Archive of ‘Meditation’ category

The Practice of Gratitude

With December marking the end of the year, it is natural to reflect on what kind of a year you’ve had. I encourage having reflections that include gratitude’s and appreciations; it is imperative reflect on the positive things that have occurred over the past year. Having that perspective on how you have seen growth and change, or maintenance and consistency, in a positive light can reduce stress and anxiety and make it easier to reflect with a positive outlook in the future.

I’ve heard the different perspectives of positive and negative described as a cloudy lens and a sunshine lens. I love the simplicity that provides as a visual because looking at your past year in a cloudy lens could lead to feeling sad, conflicted, and unmotivated. This cloudy lens has the ability to reach in all areas of life and makes it hard to find those sunshine moments. Looking through a sunshine lens doesn’t mean negative and bad things don’t occur, rather a sunshine lens means choosing to find something that you are grateful for, no matter how big or significant that something is. Examples could be feeling grateful that you survived your day, you went to a concert, hanging out with close friends, or ending your day with a nice hot bath.

To start a gratitude practice, set yourself up for success. Choose a time during your day that you can have 5 minutes to reflect. Once you have your daily time scheduled, reflect on one thing of gratitude. Just one. If you think of more, that’s great! But only start with one, so that way you feel encouraged to continue this gratitude practice. Once you feel like your reflection time has become consistent, then move up to listing three to five items of gratitude.

Practicing gratitude is like building strength in a muscle. It takes time and consistency to see growth and change in how your perspective shifts from a cloudy to sunshine. I hope with the reflection of this past year, you are able to find those moments that you truly appreciate and are grateful for!

Julie Smith MA, LMFT-A under the Supervision of Kirby Sandlin Schroeder, LPC-S, LMFT-S Senior Clinician at Austin Family Counseling


A Critique on Mindfulness in the United States

Our culture is increasingly saturated with the word mindfulness. We use it so frequently and in so many different contexts that we obfuscate its meaning. Companies, authors and individuals have begun to capitalize on the word’s positive connotation by attaching it to their products and ideas, much as they have with the words, all natural, artisan, and organic. Mindfulness is packaged as something you can buy. It appears that the allure of internal peace and contentment is so powerful we will pay exorbitant sums to have it.

By: Andrew Wade, LMFT-Associate Supervised by Nadia Bakir, LMFT-S

By: Andrew Wade, LMFT-Associate
Supervised by Nadia Bakir, LMFT-S

Mindfulness is marketed as a behavior, an attitude, and a lifestyle. There are mindfulness retreats in beautiful places. There are books on mindful parenting, mindful work, mindful eating and even mindful shopping. There are mindfulness applications for our smart phones. Teachers use the word with their students as a substitute for “be kind” or “be quiet.” There is undoubtedly a place for mindfulness in our culture, but these applications distort the meaning and complicate its purpose.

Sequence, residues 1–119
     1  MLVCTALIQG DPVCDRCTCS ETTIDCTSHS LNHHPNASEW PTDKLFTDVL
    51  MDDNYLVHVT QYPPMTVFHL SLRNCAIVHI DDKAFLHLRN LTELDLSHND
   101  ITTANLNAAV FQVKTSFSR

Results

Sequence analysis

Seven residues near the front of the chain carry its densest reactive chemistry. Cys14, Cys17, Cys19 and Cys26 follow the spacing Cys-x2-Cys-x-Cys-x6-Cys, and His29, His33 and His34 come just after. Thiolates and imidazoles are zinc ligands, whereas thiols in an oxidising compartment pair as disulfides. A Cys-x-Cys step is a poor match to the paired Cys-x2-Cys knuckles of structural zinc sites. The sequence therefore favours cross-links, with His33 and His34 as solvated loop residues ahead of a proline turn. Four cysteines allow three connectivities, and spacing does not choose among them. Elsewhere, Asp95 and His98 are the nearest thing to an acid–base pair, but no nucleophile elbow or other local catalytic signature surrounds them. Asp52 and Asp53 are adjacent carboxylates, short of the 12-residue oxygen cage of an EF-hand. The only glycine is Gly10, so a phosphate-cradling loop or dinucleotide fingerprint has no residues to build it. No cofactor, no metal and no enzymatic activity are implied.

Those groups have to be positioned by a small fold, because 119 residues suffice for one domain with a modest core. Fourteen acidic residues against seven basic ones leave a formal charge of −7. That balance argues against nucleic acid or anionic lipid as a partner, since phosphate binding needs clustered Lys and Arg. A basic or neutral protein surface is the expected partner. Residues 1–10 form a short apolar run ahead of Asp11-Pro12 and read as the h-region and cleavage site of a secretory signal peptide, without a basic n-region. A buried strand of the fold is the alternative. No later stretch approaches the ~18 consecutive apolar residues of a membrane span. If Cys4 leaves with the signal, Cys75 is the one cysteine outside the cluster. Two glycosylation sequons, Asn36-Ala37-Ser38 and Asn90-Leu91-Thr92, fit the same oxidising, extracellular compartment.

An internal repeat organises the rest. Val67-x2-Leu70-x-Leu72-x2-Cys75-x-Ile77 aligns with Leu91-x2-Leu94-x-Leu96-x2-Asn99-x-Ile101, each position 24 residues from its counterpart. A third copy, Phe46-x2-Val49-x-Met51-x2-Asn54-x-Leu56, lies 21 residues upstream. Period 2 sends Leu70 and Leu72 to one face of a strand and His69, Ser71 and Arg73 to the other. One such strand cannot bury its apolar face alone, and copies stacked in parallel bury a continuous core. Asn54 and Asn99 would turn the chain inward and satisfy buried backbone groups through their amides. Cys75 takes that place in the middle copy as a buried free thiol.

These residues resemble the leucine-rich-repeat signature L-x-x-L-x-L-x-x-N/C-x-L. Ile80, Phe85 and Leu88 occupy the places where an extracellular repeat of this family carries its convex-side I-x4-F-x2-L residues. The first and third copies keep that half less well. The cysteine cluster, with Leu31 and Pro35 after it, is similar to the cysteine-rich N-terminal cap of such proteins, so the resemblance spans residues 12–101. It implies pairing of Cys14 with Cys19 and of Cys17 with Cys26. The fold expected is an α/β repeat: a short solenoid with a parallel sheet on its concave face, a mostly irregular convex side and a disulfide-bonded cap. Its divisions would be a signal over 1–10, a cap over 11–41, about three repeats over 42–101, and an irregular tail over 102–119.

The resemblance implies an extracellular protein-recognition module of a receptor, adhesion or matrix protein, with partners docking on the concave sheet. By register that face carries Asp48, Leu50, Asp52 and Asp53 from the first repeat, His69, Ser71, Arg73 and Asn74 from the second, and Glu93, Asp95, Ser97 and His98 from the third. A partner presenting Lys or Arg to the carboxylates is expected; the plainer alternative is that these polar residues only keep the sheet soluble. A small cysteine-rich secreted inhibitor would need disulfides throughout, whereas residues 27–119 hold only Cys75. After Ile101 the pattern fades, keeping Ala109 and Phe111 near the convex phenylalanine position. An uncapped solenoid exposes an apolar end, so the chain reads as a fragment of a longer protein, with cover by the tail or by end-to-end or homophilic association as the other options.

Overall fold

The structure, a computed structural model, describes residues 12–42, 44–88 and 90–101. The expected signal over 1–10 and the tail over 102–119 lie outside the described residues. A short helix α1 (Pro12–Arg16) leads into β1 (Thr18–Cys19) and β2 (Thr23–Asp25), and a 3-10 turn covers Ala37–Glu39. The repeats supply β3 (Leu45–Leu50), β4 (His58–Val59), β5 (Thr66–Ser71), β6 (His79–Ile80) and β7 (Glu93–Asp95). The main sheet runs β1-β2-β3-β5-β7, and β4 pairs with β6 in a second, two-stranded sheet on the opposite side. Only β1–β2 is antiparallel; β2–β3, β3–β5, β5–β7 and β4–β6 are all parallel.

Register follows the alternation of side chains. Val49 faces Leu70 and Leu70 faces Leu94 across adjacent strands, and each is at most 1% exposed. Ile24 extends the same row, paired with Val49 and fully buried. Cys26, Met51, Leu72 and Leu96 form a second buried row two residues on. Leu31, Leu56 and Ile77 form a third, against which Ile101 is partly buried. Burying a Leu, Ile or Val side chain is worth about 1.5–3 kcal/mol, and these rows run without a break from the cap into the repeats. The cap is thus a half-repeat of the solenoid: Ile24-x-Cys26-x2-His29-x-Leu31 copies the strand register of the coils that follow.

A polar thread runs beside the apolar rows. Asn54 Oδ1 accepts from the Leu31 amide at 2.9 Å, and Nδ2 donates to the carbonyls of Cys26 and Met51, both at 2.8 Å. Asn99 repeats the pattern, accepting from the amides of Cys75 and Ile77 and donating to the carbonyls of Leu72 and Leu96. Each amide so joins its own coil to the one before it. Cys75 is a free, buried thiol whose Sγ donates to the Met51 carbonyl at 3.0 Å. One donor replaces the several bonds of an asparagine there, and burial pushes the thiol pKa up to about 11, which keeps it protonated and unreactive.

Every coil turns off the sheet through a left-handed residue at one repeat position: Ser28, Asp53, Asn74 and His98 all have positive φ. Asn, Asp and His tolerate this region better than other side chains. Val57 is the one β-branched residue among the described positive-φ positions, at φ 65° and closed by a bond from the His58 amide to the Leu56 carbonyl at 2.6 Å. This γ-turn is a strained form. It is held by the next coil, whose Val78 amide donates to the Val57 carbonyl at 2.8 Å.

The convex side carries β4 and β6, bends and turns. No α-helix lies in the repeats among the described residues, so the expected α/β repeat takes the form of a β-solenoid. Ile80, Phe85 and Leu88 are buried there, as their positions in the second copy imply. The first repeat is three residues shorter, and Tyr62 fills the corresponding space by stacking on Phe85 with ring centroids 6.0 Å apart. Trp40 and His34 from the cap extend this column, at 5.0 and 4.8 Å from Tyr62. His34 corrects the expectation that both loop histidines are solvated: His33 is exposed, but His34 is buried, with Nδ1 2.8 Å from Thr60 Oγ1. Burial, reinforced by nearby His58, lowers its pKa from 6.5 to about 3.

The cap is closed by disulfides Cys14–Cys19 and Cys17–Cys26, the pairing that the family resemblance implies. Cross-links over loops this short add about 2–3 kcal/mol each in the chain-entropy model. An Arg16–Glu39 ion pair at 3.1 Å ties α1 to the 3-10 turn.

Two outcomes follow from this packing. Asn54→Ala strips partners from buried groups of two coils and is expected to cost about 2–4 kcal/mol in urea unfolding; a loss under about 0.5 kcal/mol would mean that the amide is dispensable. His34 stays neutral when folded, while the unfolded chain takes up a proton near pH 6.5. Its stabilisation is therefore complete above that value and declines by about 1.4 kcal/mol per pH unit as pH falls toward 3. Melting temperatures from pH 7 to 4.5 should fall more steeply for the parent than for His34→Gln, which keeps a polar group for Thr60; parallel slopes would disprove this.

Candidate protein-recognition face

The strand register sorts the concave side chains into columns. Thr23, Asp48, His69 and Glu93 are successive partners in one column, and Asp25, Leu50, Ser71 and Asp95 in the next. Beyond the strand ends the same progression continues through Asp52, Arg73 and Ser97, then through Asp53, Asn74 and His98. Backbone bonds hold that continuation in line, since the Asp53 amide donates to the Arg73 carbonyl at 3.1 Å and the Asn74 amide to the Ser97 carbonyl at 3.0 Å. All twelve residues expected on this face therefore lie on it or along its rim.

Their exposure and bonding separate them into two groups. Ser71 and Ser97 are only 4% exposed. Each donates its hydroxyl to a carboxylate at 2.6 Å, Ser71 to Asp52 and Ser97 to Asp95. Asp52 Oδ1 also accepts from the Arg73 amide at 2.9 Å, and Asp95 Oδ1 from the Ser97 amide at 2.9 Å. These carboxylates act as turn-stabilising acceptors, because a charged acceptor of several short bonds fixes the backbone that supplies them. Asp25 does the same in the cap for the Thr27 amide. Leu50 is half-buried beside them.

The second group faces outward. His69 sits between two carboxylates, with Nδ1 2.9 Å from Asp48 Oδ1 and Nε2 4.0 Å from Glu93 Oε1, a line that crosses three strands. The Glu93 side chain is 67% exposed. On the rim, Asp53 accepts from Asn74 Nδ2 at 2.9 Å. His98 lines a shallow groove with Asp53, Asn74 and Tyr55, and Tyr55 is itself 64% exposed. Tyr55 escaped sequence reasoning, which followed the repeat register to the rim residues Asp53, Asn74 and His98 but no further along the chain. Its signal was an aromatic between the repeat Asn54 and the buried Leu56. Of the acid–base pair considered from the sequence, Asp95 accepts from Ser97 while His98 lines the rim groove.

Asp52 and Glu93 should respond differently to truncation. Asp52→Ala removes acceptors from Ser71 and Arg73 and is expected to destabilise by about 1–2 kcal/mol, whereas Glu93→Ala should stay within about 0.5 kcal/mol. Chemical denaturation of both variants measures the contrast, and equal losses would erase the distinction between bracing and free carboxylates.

Mindfulness is a relatively new practice in the United States. Even twenty-five years ago the concept was foreign to most people and those practicing it were on the fringes of society. It was a term associated with eastern religious practices with little traction in mainstream American culture. The speed and reach of the cultural shift toward adopting mindfulness has been remarkable. The fact that some major corporations are now offering mindfulness training for their employees is a testament to the extent to which it permeates our culture.

That mindfulness has become the latest cultural buzzword is not entirely a bad thing. As it grows in popularity, more people have an opportunity to learn about the powerful positive effects a mindfulness meditation practice can have on their lives. A recent surge in academic interest shows that a mindfulness practice has positive effects on health, ranging from depression and anxiety, to memory, learning, creativity and interpersonal functioning (Shapiro 2001). There is further research showing that a meditation practice correlates with elevation in mood, positive affect, and happiness (Shapiro 2001). These findings have galvanized people and institutions to incorporate mindfulness practices in their work and personal lives. Another positive consequence of adopting mindfulness in the West is its potential to bridge eastern and western cultures. By embracing a long-term eastern tradition, we are opening ourselves up to a world beyond our borders and bridging two worlds through a shared practice.

As mindfulness sifts its way through our culture, there is reason for excitement and curiosity as well as caution and discernment. It is easy to be swept up in the fervor of the moment. In my next post, I will provide a brief history of mindfulness and explain its core principles, function and original intention. By broadening our understanding of mindfulness we are less apt to be cajoled by external forces and more capable of looking inside for the answers. Stay tuned.

1024px-Clouds_over_the_Atlantic_Ocean